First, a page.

though the slope of the k vs Tvariation appears somewhat
higher than for k I'
On this basis, the value of k2 can be determined at each
temperature from the value of I/A3(0), through the relevant kinetic equation (not reported here)Y Table III collects the calculated values for kl together with those for k 2
Excepting T = 292 K, for which 1/A3 (0) appears somewhat too high, (see Table II), the latter values give a very
good Arrhenius plot, showing that k2 can be written as
I

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(12)

with k; = 9x 10 ns- I and E2 = 0.37 eV.


Knowing E z, a rough approximation to the value of the
Ps affinity of nitrobenzene (PA) can be made by considering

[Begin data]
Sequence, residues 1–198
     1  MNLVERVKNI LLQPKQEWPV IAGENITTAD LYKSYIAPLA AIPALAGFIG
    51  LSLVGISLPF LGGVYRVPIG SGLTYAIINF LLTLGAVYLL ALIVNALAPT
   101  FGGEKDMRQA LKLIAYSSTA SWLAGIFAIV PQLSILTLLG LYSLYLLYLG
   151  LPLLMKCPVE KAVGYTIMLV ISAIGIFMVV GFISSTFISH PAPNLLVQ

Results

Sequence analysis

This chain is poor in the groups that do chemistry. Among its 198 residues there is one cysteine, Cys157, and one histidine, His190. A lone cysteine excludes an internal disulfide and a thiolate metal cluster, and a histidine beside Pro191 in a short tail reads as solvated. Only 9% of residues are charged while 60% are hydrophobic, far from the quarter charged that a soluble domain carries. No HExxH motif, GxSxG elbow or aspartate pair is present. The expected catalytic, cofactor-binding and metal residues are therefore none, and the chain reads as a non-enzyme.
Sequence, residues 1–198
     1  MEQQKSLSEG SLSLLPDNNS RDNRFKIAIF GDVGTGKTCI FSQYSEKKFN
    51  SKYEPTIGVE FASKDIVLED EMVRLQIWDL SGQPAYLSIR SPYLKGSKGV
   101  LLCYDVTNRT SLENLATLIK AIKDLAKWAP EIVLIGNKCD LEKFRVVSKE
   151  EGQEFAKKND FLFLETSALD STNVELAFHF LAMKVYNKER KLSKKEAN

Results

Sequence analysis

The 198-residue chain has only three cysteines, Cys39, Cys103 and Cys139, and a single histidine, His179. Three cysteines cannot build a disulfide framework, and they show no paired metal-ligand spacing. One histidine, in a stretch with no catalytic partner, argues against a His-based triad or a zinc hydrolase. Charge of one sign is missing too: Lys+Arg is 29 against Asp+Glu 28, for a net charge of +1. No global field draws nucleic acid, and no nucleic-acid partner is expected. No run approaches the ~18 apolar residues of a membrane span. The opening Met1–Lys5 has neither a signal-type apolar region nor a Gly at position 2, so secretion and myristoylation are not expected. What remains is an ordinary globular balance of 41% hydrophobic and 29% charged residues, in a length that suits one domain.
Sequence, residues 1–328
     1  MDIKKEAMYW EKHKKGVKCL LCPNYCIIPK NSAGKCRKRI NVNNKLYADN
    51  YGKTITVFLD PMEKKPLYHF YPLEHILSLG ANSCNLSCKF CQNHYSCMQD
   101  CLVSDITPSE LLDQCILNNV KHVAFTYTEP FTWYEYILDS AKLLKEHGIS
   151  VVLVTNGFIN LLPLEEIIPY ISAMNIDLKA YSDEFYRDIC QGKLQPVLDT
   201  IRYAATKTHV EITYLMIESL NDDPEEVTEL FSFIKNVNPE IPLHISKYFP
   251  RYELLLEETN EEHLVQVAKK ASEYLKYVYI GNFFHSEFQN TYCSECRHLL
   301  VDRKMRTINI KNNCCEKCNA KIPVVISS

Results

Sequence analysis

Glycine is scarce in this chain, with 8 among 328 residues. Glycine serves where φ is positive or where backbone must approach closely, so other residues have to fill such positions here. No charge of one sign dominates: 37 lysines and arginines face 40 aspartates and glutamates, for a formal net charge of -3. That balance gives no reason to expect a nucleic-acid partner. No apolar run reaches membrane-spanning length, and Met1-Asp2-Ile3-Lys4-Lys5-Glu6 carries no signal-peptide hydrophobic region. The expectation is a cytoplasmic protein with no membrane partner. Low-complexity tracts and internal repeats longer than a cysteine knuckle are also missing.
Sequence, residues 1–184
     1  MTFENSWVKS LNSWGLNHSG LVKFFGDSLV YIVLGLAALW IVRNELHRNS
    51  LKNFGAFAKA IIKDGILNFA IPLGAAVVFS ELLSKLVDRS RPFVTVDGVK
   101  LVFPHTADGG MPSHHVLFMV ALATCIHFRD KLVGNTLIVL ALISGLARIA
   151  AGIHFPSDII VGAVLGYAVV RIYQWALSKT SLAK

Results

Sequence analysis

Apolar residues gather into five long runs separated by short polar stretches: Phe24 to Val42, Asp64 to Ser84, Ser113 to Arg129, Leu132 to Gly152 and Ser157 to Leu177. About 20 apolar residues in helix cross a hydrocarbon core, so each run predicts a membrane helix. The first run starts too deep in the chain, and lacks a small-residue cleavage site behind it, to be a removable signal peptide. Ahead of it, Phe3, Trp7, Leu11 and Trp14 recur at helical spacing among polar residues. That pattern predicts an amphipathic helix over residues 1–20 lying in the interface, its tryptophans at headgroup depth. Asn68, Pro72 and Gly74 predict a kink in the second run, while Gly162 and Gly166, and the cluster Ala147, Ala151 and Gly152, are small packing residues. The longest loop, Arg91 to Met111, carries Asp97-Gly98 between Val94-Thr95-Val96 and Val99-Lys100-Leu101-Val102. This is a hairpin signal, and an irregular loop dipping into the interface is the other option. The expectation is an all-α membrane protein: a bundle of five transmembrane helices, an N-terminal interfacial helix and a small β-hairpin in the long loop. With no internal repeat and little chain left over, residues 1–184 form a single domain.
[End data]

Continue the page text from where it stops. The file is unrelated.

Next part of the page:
the following: (i) the forward reaction requires little or no
activation energy as is implicit in Eq. (10); (ii) before reaction, the energy level ofPs (Eo), which is quite possibly in a
bubble within the solvent, is ~0.22 eV, as derived from the
width of the p-Ps momentum distribution. 19,2o Neglecting
the solvation terms for nitrobenzene and for the Ps complex,
this gives PA =Eo + E 2 =O.59 eV which is consistent with
the theoretically predicted value, PA = (1.11 0.81) eV. 21
7

B. Temperature effects on the hyperflne interaction


parameters

The remaining parameters to consider are Tf and b.E


which are only derivable through the variations ~f R and ~f
1/A4(B) with B, either independently or simultaneously.
Several fitting procedures were attempted.
Most generally the values for Tfc and b.Ec derived from
the variations with B of either R or 1/..1,4 (B) alone are concordant, although the uncertainty is usually higher in the
latter case.
Figure 5 shows the change with Tof Tf as derived when
fit.ting Rand 1/..1,4 (B) together. Two regions are apparent